I Want Proof - What’s it Like to Have Your Company on Shark Tank

I love listening to people’s business ideas.

There’s nothing that gets the creativity flowing more than a brainstorming session with some loose concepts and maybe a beer or two.  That’s probably why I love watching ABC’s Shark Tank (for you Brits, it’s the same concept as Dragon’s Den). There is something inspiring (or devastating) about business owners pouring their heart and soul into a pitch in the grand hopes of receiving an investment, or watching their dreams crushed directly in front of them with no criticism spared by Mr. Wonderful.

KEVIN O'LEARY Mr. O’Leary, doing what he does best: crush dreams

For those of you unfamiliar with the show, business owners are in front of five potential investors as they ask for a cash infusion for a percentage of equity. If multiple sharks are interested in investing, they end up battling each other to formulate a deal. At any point the business owner can walk away with some publicity and a great story.

As Shark Tank is watched by millions, I got really curious about how being on the show affects the brand during the weeks following. This massive windfall of new customers, site traffic, social following and... wedding proposals (you’ll see in a bit) must make for an interesting couple of days after the episode airs.

I reached out to the owners of Proof Eyewear following their appearance on the show several weeks ago and had a chat with Brooks Dame, one of their founders, about the experience right before, during and following the show. While they weren’t able to reach a deal, it sounded like the experience was an amazing boost to business. Here’s what Brooks had to say:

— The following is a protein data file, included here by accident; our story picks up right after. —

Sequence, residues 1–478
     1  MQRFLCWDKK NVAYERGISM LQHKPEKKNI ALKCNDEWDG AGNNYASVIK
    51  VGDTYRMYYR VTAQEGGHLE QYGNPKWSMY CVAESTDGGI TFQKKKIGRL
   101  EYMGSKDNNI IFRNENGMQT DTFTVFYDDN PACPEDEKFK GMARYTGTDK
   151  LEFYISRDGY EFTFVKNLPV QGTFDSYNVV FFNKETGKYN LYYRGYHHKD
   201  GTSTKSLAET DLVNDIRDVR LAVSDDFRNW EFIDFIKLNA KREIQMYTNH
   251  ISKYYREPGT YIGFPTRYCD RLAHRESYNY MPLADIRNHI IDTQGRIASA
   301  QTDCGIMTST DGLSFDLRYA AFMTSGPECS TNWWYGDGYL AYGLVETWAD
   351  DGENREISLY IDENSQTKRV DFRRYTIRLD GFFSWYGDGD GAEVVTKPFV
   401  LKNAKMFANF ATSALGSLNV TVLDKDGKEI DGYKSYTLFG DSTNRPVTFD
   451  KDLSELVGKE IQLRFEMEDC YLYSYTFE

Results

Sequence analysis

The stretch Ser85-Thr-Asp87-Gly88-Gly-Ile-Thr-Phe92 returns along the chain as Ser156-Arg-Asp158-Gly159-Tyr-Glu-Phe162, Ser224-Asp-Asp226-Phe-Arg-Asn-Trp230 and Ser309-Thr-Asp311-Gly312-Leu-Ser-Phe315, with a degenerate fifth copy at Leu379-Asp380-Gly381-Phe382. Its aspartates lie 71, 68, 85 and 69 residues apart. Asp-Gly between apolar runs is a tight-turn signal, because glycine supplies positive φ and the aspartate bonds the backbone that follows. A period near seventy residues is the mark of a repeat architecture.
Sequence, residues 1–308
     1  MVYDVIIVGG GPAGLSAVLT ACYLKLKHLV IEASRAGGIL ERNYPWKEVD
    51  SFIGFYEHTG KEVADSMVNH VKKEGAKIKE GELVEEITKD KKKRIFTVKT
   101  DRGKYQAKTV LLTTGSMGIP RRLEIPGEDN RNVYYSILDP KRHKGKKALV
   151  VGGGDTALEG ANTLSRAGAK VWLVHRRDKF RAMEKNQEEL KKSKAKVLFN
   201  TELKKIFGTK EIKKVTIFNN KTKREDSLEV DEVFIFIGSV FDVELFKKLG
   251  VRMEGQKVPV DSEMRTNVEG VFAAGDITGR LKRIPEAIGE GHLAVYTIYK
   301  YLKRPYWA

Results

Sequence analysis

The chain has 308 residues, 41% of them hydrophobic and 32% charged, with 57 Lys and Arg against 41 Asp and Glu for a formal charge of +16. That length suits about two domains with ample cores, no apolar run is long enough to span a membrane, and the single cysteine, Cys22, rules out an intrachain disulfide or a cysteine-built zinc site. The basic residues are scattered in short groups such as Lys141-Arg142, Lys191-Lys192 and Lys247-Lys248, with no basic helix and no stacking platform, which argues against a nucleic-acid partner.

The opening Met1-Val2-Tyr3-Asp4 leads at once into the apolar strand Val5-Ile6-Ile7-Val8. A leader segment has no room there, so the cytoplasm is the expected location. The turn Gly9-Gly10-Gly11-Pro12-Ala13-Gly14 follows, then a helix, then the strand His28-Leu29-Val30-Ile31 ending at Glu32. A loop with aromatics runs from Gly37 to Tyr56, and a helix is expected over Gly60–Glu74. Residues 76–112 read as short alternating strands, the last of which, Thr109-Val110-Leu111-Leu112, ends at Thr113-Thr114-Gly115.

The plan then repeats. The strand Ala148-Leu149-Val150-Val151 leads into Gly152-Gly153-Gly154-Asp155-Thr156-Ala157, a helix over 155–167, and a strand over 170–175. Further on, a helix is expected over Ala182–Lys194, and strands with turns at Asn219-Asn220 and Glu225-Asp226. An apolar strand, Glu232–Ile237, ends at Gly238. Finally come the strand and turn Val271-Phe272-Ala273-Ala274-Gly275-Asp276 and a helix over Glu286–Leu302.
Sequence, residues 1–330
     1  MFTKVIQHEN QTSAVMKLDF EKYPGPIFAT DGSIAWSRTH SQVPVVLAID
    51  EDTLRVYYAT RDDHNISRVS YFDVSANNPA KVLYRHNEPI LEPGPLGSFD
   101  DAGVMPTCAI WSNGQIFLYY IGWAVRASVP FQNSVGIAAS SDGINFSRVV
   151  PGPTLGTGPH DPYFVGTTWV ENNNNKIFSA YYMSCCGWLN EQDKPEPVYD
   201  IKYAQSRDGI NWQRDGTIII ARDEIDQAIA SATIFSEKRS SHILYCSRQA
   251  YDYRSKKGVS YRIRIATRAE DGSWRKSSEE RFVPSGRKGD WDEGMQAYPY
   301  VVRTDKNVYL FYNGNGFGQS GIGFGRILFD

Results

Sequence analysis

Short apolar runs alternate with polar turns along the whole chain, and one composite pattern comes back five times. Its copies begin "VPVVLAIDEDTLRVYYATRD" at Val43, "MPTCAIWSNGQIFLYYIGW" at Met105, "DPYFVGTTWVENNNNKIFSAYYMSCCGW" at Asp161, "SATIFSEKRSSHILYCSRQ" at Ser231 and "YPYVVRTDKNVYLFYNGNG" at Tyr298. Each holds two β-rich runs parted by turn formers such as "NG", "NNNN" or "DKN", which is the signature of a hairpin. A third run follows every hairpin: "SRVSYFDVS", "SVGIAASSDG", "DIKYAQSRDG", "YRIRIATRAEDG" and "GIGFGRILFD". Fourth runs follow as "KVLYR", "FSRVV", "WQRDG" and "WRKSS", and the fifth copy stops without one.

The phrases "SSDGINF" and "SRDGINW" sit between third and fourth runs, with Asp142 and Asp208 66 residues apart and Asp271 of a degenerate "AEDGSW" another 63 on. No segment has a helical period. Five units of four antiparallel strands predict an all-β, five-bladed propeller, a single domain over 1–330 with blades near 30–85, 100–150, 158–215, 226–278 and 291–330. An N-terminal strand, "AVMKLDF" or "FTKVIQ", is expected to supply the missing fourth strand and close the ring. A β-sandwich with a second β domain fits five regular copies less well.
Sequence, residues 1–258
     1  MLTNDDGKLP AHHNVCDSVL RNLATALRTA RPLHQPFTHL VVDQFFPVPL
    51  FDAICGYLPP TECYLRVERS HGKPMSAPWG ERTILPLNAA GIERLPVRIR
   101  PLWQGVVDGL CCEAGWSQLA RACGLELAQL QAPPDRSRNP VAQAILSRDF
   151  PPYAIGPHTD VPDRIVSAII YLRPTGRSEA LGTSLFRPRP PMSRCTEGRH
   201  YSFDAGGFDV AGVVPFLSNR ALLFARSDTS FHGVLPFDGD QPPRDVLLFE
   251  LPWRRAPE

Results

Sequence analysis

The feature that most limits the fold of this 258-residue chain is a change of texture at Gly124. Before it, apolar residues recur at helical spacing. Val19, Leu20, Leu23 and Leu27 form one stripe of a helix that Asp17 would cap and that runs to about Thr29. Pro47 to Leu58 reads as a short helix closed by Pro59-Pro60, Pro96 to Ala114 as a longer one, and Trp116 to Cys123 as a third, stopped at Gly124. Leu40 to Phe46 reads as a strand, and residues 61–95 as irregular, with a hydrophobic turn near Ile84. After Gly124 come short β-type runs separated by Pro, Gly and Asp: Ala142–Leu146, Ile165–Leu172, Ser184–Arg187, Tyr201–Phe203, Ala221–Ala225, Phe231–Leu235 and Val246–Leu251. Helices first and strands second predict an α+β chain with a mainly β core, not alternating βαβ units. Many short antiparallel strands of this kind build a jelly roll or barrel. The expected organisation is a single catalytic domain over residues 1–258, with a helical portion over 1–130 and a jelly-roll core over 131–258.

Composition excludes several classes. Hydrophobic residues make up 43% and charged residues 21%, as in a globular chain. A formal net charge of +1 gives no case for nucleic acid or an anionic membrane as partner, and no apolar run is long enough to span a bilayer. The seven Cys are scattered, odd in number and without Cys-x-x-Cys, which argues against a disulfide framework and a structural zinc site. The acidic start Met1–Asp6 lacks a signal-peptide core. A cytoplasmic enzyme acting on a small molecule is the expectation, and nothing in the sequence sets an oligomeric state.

How have the past few weeks been for you guys?

Its been a little crazy for us. We knew Shark Tank would give us a jolt in sales but the other opportunities have come up since our segment aired a little over a week ago are really unexpected.  We’ve obviously had a lot of sales both on our website and from our core shops. Many of our shops ordered before the show, after it aired and are now back to another round. So it has been good for our retail partners as well as us. We’ve also gotten offers for financing, partnerships, etc. Its been a lot of fun and a whirlwind. Its made for a lot of sleepless nights.

How did you go about deciding to apply for Shark Tank?

We didn’t know how it would shake out for us, but knew it would be an adventure and was worth a shot for our young company.
It was really after 2-3 friends had told me that Proof should go on the show. I had never seen an episode so one night I finally sat down and watched an episode online. I ended up watching 3-4 episodes in a row and was hooked. I was interested to see how companies did after airing on the show. Some really took off and some weren’t even around anymore, but I felt pretty encouraged by the success stories of other companies that had been on the show.